Last week was varied and began with a long walk to the top of Firle Beacon in the South Downs.
Charlie loved the the view at the top of the hill.
Not a lot of work was done last Monday morning, as we had a birthday in the family: my oldest son - who doesn't want to appear in this blog - was 15. Unusually for him, he was up early and all set to receive our presents.
He was particularly touched by Charlie's card and present: Charlie had made a kitten toy out of a sock filled with gemstones, tied with a long piece of thread. It was a success with his brother and with the kittens.
The week was filled with appointments for Tom, which meant our home ed needed to be flexible. We practised Times Tables in the car whilst we were waiting for Tom to come out of a doctor's appointment. When Tom had appointments at home, Charlie read or worked on the computer (he's still using ConquerMaths and MyMaths every day). We also did a lot of our home ed in the evenings, instead of earlier in the day.
We have continued with our Titanic project. This week, Charlie has been writing imaginary postcards from passengers. He dyed the postcard templates with a teabag, which made the cards look old. We read about several passengers on the ship and Charlie was particularly taken with Benjamin Guggenheim and chose him as his subject.
|Charlie enjoyed writing one of the postcards with a homemade ink pen|
We have also spent quite a lot of time on our Titanic lapbook from Currclick. A simple question - how much did the Titanic weigh? - turned out to be quite complicated. The lapbook states that the Titanic weighed 46,239 tons, but Charlie remembered that one of the early adverts recorded the Titanic as weighing 45,000 tons. We ended up comparing lots of historical evidence in our search for a correct answer: the transcript of the register, various adverts, the list of first-class passengers, various websites. Eventually,we accepted 46,328 tons as the closest to a definitive answer that we could find.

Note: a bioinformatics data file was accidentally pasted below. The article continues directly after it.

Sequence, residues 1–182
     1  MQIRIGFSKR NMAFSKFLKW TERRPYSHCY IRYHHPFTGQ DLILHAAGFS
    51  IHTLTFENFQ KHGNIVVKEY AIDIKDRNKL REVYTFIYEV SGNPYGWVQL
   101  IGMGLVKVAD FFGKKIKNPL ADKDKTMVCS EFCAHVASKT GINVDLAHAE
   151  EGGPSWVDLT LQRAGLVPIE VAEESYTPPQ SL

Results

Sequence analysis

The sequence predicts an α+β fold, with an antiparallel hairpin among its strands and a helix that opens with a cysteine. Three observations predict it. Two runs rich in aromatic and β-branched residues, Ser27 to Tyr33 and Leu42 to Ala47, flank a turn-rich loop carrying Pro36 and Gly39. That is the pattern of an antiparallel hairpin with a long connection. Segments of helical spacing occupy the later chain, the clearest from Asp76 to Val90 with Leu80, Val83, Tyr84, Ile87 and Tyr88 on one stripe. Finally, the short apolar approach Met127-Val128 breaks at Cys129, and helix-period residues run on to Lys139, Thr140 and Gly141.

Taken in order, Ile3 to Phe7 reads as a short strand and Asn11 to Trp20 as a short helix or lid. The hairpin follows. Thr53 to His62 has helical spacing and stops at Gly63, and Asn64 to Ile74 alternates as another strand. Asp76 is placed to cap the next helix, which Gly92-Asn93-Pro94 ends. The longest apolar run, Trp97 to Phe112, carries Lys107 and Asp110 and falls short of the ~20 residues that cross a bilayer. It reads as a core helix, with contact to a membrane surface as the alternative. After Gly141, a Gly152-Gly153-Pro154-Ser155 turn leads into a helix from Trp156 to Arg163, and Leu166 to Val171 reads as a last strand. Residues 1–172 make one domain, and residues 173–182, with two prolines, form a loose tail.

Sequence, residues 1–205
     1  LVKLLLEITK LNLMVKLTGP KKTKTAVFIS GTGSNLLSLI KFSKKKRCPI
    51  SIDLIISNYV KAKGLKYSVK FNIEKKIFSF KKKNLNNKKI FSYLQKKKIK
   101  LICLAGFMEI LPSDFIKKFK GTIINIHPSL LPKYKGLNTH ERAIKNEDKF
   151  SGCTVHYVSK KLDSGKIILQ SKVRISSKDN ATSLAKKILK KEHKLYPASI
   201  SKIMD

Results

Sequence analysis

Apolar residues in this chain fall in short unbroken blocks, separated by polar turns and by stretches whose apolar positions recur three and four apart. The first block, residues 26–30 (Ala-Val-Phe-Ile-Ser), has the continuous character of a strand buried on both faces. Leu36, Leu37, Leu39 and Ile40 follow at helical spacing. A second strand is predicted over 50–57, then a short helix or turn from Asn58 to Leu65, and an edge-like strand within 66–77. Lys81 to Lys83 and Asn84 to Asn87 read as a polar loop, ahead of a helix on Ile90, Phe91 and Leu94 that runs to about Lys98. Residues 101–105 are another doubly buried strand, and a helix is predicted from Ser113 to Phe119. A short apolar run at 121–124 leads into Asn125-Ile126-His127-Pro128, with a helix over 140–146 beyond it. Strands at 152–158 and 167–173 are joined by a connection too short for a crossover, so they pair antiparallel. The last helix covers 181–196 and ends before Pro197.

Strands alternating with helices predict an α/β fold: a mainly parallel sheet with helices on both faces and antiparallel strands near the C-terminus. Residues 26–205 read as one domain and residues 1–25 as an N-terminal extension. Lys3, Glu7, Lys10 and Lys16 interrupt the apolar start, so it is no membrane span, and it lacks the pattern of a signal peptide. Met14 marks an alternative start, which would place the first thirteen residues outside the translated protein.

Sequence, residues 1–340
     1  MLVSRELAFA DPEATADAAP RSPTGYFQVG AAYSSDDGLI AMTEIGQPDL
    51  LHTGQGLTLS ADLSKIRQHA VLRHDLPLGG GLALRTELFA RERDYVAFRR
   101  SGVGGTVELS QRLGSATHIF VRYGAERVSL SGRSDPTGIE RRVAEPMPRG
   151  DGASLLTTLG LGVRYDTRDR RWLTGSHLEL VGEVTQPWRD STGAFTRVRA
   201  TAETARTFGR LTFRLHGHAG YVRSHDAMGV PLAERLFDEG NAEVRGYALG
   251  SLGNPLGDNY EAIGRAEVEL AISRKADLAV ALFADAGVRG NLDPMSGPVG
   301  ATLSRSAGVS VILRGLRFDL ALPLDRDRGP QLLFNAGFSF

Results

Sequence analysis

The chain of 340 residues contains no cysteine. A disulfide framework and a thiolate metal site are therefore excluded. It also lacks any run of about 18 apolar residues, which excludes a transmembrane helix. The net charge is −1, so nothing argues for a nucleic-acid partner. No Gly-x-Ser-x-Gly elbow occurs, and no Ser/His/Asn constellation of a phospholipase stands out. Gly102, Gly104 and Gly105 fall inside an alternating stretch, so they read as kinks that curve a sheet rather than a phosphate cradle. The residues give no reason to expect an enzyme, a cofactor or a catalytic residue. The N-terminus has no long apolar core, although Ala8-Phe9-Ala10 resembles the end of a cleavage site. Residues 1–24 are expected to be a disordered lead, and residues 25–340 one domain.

In Maths, Charlie is concentrating on his Times Tables. I have just bought him a set of 'Multiplication Write and Wipe' cards from Kumon for him to practise with.
In between our lessons, Charlie has found plenty to occupy himself. He found an old Usborne cookery book and decided to make one of the recipes, which was then presented to me to eat.
With admirable ingenuity, Charlie had dug around at the back of the kitchen cupboard to find cooking chocolate and, with my assistance, he had melted the chocolate to add to the banana smoothie.
It was delicious.
Charlie also discovered the results of a science experiment from a couple of weeks ago. It may look unsightly, but this is actually crystals, and caused much excitement in our household this week.
On Friday, we went to the local library and Charlie chose some new books.
That afternoon, he spent a long time drawing a sketch of Titanic, guided by a YouTube video by Shoo Rayner.
He was very pleased with the result.
Of course, our daily home ed antics are watched closely by our kittens, who provide an entertaining backdrop - and sometimes welcome interruption - to our activities.